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Nonprofit Naming Rights



What’s in a name? Charities have a long history of extending naming rights to top donors. Quoting Richard Armstrong, director of the Solomon R. Guggenheim Museum:


“Social recognition has fueled philanthropy for centuries, which is why offering naming rights has been one of the most powerful fundraising tools. Not only does it acknowledge a donor’s generosity, it inspires others to give.”


However, considering issues of donor behavior and criminal associations, nonprofits need to consider the risks associated with naming rights. Nonprofits want to ensure they avoid legal issues or damage to their mission and reputation.


One recent example of naming rights becoming a liability rather than as asset is the Sackler family and their association with several major museums.


The Sackler family, owner of Purdue Pharma, is an excellent case study in what can go wrong with naming rights. Very briefly, the Sackler family made their fortune in pharmaceuticals. They were very generous philanthropists to many arts institutions. During the opioid crisis, Oxycontin, a drug manufactured by their company became the focus of many lawsuits. They filed for bankruptcy and paid the federal government over $200 million to avoid further lawsuits.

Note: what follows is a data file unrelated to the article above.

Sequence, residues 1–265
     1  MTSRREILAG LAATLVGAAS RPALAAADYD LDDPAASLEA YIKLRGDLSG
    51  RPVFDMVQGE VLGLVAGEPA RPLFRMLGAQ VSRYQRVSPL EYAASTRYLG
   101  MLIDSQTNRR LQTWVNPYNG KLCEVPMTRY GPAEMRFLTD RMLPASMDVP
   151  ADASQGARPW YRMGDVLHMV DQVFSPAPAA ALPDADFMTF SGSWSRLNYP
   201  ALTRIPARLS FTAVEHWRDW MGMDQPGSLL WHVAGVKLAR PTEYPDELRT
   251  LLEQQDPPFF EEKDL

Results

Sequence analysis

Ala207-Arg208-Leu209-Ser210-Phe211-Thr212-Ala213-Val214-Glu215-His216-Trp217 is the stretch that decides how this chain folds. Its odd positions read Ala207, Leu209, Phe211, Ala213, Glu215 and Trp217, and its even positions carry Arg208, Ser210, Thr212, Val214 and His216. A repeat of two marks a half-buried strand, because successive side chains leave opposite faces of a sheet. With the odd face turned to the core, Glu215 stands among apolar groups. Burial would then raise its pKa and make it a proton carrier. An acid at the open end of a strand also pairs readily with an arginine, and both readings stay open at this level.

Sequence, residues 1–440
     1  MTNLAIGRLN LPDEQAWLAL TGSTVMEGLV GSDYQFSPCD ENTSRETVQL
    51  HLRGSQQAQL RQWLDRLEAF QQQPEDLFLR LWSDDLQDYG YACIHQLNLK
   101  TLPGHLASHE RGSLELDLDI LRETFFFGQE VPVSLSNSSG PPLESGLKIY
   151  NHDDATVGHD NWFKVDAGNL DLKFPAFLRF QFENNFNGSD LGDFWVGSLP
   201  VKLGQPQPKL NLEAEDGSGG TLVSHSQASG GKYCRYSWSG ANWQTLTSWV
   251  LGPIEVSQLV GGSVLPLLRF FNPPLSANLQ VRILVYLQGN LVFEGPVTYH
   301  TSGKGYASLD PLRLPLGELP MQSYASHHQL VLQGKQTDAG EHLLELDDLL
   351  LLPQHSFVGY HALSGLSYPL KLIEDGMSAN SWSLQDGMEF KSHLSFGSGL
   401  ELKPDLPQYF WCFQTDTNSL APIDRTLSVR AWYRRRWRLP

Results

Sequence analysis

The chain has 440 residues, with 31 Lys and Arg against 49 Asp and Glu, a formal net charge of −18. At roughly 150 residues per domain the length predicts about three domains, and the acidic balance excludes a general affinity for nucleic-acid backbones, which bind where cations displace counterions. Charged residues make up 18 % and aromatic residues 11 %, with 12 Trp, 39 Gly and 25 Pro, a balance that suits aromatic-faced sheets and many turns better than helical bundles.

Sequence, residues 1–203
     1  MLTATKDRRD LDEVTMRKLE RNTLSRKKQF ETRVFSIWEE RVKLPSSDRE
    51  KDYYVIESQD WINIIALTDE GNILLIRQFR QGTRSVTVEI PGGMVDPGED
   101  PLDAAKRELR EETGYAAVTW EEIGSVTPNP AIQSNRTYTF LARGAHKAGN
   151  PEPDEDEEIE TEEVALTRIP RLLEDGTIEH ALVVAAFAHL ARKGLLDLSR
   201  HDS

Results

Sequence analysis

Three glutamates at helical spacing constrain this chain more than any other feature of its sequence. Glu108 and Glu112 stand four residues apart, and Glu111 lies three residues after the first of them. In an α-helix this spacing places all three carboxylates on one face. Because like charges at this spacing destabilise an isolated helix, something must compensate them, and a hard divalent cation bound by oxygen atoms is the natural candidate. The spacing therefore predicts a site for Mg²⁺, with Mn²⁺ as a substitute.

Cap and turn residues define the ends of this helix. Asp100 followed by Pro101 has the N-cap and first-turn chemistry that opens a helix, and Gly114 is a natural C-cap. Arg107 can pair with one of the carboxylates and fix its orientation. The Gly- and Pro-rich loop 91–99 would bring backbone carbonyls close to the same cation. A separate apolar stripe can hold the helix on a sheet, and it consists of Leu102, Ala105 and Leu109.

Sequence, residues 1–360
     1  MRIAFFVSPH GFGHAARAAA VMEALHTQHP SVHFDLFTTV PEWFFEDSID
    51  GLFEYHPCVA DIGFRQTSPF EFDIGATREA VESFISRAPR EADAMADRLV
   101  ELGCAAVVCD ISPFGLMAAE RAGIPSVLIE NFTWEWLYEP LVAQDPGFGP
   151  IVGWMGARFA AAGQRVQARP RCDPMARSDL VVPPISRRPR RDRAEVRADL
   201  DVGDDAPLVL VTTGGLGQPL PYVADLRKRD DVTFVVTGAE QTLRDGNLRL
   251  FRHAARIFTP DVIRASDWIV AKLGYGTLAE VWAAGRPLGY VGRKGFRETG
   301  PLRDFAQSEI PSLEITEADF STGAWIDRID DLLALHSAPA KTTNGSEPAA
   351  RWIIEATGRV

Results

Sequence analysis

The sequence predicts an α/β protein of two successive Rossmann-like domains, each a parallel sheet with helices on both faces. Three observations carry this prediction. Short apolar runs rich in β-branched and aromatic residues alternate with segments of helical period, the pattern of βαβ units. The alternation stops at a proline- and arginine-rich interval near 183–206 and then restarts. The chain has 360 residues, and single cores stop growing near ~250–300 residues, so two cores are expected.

The Metropolitan Museum of Art and the Guggenheim museums in New York City, among many others, had accepted huge philanthropic gifts with naming rights attached. These museums and other institutions ended their agreements and relationships with the family members.


How does a nonprofit organization protect itself when offering naming rights to a major donor?

  • The first rule is to have an attorney represent your agency. This should be someone who is knowledgeable on this type of negotiation.

  • Have a written agreement, a contract that spells out every detail, including payments.

  • Avoid perpetual naming rights. There needs to be a time limit.

  • Specify how the donor will be recognized and where.

  • Are there transfer rights?

  • Spell out termination options.

  • Document your organization’s naming right standards in your gift acceptance policies


Naming rights can be a wonderful way to recognize a donor. But a nonprofit has an obligation to its donors, clients, and the community to do its due diligence by having gift acceptance policies in place and by carefully planning and documenting the transaction. This will help everyone avoid difficult situations in the future.


Cheers,


Michelle Crim, CFRE


Dynamic Development Strategies can help. We offer coaching, grant writing, and fundraising services for our nonprofit clients. We specialize in small to mid-size organizations because we understand your challenges. Please contact us for more information.


https://www.dynamicdevelopmentstrategies.com/

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